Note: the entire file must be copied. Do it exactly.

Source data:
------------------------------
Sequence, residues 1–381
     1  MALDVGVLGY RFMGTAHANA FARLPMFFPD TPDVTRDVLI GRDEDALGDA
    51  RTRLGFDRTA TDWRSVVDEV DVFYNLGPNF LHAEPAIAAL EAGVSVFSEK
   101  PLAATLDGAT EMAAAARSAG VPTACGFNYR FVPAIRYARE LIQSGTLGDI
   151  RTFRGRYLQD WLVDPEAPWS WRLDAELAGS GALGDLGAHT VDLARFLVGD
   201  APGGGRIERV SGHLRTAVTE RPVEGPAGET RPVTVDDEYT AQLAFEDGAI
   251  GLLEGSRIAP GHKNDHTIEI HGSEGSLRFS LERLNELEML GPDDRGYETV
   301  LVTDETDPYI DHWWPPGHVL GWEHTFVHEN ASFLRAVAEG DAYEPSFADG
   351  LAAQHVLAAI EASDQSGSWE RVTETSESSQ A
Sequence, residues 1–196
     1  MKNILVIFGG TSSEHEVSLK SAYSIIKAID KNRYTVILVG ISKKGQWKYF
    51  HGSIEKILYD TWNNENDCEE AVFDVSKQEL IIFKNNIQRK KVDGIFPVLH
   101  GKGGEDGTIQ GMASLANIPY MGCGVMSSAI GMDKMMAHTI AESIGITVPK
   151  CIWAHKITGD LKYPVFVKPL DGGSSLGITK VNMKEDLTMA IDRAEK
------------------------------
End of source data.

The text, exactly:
Sequence, residues 1–381
     1  MALDVGVLGY RFMGTAHANA FARLPMFFPD TPDVTRDVLI GRDEDALGDA
    51  RTRLGFDRTA TDWRSVVDEV DVFYNLGPNF LHAEPAIAAL EAGVSVFSEK
   101  PLAATLDGAT EMAAAARSAG VPTACGFNYR FVPAIRYARE LIQSGTLGDI
   151  RTFRGRYLQD WLVDPEAPWS WRLDAELAGS GALGDLGAHT VDLARFLVGD
   201  APGGGRIERV SGHLRTAVTE RPVEGPAGET RPVTVDDEYT AQLAFEDGAI
   251  GLLEGSRIAP GHKNDHTIEI HGSEGSLRFS LERLNELEML GPDDRGYETV
   301  LVTDETDPYI DHWWPPGHVL GWEHTFVHEN ASFLRAVAEG DAYEPSFADG
   351  LAAQHVLAAI EASDQSGSWE RVTETSESSQ A
Sequence, residues 1–196
     1  MKNILVIFGG TSSEHEVSLK SAYSIIKAID KNRYTVILVG ISKKGQWKYF
    51  HGSIEKILYD TWNNENDCEE AVFDVSKQEL IIFKNNIQRK KVDGIFPVLH
   101  GKGGEDGTIQ GMASLANIPY MGCGVMSSAI GMDKMMAHTI AESIGITVPK
   151  CIWAHKITGD LKYPVFVKPL DGGSSLGITK VNMKEDLTMA IDRAEK